Moira Dryer: Paintings & Works on Paper
On ViewVan Doren Waxter
April 4 – May 24, 2019
Moira Dryer’s third exhibition with this gallery—two previous exhibitions organized by gallery partner Augusto Arbizo took place in 2014 and 2016—comprises twelve paintings and nine works on paper. The exhibition represents Dryer’s all too brief but wonderful output extremely well. (The artist died in 1992, at the age of 35.) Her concise and sensuous touch, and succinct yet expansive use of color, is everywhere evident. In the paintings, acrylic casein or oil is applied in an almost frugal way in thin and resonant color across wood panels. FF (Fast Forward) (1991) is monochrome yellow, casein on wood panel, 24 by 25 inches. Because the brush moves horizontally in alternating directions, bands appear as the light catches the brush strokes differently. Consequently, this use of bands to structure a composition is similar to those in other paintings here where more obvious bands are used. Pop (1989) consists of two parts, an acrylic on wood panel with a separate steel plate angled toward the viewer below. The painting is vertically striped, grey, black, blue and cream. The stripes are irregular and blur into each other, with a flurry of dark drips descending just left of center. Thoughts are provoked: How are we to read the sequence of colored stripes, like bars or as movement? And, is the steel plate below a form of mute instruction or explanation, as at a panoramic view or museum exhibit? The meaning is left open, and the pleasure is in the looking at, as well as the thinking about, this always visually compelling work.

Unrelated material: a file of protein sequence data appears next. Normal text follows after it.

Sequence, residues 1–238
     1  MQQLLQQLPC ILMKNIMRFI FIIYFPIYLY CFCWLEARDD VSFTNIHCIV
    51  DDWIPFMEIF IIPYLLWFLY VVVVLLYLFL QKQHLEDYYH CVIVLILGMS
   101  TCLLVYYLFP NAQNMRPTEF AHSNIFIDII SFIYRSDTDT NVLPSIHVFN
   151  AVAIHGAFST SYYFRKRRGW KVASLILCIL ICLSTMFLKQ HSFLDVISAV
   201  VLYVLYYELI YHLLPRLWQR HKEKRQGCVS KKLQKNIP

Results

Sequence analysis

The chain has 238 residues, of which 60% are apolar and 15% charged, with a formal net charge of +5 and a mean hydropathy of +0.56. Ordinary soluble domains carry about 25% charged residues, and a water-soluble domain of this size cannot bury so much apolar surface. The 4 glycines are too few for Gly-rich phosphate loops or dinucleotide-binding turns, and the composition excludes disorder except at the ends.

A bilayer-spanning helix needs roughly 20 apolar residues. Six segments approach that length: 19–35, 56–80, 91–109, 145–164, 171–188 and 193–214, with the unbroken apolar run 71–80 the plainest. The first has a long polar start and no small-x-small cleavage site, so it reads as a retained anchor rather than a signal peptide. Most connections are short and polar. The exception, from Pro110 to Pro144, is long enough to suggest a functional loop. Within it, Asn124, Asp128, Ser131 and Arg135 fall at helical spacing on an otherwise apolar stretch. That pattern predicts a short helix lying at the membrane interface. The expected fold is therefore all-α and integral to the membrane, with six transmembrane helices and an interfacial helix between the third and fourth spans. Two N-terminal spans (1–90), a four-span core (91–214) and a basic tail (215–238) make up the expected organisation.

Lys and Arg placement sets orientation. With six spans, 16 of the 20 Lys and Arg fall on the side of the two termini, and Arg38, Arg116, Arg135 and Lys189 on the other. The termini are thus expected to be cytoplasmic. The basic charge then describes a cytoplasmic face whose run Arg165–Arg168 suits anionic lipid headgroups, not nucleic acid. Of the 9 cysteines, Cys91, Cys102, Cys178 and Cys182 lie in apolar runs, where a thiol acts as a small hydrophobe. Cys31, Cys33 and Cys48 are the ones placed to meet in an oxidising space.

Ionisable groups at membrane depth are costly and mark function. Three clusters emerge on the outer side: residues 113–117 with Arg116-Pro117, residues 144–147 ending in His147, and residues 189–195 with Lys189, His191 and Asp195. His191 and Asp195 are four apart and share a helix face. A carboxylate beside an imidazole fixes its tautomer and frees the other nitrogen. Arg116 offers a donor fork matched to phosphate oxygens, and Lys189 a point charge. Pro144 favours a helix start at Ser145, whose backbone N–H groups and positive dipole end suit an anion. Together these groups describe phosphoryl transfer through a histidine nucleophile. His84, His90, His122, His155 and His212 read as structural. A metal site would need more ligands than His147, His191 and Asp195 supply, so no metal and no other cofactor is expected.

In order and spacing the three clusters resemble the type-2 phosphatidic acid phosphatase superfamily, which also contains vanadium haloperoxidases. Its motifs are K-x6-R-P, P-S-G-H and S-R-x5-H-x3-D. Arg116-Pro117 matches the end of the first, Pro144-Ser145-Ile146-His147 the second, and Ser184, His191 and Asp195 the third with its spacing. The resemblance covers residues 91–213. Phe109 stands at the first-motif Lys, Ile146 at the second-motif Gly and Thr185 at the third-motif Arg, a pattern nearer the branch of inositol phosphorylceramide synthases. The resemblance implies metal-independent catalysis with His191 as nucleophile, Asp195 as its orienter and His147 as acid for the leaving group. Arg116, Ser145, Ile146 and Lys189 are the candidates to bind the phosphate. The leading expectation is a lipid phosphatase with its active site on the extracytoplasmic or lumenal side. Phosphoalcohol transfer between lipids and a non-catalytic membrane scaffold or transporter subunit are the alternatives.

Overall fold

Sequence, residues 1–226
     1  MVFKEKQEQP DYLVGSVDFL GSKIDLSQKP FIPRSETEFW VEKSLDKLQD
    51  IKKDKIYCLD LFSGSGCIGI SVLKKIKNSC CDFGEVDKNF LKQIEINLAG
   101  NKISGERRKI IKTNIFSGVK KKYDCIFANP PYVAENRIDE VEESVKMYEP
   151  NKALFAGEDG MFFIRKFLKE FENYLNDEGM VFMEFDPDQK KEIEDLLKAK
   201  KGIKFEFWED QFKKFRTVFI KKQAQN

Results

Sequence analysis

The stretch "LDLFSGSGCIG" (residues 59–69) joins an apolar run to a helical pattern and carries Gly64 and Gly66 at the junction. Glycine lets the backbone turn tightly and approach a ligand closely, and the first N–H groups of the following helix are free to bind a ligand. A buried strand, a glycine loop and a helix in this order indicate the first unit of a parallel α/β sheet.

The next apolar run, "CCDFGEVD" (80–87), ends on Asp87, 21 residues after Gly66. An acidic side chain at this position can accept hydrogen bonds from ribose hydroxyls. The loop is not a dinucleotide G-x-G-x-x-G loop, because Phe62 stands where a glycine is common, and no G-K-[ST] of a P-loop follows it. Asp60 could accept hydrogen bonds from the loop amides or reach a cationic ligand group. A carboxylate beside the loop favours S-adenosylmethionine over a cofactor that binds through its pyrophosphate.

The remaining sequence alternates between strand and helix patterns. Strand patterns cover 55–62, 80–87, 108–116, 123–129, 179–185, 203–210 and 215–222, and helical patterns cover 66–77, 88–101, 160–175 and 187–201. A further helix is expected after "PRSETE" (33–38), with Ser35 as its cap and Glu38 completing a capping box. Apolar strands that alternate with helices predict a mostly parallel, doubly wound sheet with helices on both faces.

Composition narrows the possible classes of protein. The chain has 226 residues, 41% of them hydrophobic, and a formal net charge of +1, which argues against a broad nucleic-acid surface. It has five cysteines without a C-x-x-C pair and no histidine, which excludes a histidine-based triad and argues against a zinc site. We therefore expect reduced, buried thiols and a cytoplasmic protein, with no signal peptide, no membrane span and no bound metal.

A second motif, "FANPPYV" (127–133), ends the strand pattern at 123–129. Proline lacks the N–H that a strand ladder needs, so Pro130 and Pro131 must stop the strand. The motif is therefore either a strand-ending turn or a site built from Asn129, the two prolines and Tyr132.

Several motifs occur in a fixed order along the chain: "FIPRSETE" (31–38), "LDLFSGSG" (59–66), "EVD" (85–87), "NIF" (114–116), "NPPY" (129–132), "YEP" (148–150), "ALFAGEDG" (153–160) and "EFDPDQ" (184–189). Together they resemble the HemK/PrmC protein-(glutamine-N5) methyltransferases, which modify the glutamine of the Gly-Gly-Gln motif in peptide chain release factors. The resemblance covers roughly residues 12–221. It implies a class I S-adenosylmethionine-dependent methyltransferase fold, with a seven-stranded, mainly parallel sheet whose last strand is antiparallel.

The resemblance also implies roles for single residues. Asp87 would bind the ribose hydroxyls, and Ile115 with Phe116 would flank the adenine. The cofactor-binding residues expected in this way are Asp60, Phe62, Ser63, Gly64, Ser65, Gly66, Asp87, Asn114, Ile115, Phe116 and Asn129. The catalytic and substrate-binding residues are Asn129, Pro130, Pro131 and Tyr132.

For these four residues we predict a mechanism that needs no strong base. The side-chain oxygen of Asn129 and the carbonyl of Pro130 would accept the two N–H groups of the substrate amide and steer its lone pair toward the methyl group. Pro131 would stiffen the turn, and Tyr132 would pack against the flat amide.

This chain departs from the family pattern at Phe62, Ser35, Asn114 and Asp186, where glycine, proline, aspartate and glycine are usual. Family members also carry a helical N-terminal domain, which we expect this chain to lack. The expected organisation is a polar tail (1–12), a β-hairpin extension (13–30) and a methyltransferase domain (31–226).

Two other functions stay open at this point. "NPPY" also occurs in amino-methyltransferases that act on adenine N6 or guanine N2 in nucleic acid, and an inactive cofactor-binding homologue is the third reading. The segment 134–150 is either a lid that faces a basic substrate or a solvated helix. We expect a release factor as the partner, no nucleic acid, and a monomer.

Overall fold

The object like qualities of much of Dryer’s work bring to mind Harvey Quaytman’s work from the 1970s, whose painterly gestures across shaped canvas, sometimes in two parts, has much in common with Dryer’s. Take Untitled (1988-90), for example—in that they are not spontaneous and wild strokes but considered and, whilst still gestural, very deliberately placed in relation to the area that they occupy—not at all aleatory or provisional. In being both gesture-based and object-like, Dryer’s work also recalls David Reed’s paintings from the 1970s (the tall narrow striped ones, in which the paint runs from one band into another because of gravity), or any of Elizabeth Murray’s pieces. (Murray was an important mentor to Dryer, and Dryer worked for a while as her studio assistant.)
The works on paper give clues as to Dryer’s planning process, hinting toward potential works, as in the blue-and-orange harlequin-patterned and ornately configured Untitled (1988-89). They also exist as standalone works, such as the blue stacking eye motifs of Untitled (1989). Two undated acrylic and gouache on paper pieces appear to be the earliest works in the exhibition, and both display three upright ovate shapes. Dryer’s later sensibility—lean, subtle rendering, and spare yet rich color combining—are already in place.
In an interview from 1941, Matisse said that, “The audience is the material in which you work,” and in front of a Moira Dryer painting, it’s easy to see what he meant. As with a Matisse, the audience is necessary to complete the circuit—artist, art object, viewer. Dryer went so far as to describe her works as actors, capable of interacting with each other and the audience, and in some installations of her work, a staging is very clear. (Here it is subtle as there are no free-standing paintings present.) Dryer produced some of the most affecting and formally exciting work seen in New York during the 1980s and ’90s—how I, and many others, wish that she could have continued for so much longer.